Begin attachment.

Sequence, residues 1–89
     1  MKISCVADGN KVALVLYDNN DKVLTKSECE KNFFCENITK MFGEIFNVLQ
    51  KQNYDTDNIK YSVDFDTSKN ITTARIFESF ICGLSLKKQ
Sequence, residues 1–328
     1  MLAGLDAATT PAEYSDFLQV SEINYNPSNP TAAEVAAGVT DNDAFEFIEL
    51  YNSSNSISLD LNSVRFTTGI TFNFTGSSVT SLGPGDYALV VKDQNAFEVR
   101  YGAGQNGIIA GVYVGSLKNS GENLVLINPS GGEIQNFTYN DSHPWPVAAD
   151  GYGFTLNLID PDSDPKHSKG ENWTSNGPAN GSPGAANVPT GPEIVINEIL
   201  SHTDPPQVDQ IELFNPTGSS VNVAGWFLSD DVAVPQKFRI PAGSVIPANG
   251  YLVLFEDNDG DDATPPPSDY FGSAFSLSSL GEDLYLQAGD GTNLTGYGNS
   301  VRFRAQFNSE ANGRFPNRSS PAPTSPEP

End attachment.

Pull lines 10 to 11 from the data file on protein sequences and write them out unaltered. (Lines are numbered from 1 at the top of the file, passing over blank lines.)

   251  YLVLFEDNDG DDATPPPSDY FGSAFSLSSL GEDLYLQAGD GTNLTGYGNS
   301  VRFRAQFNSE ANGRFPNRSS PAPTSPEP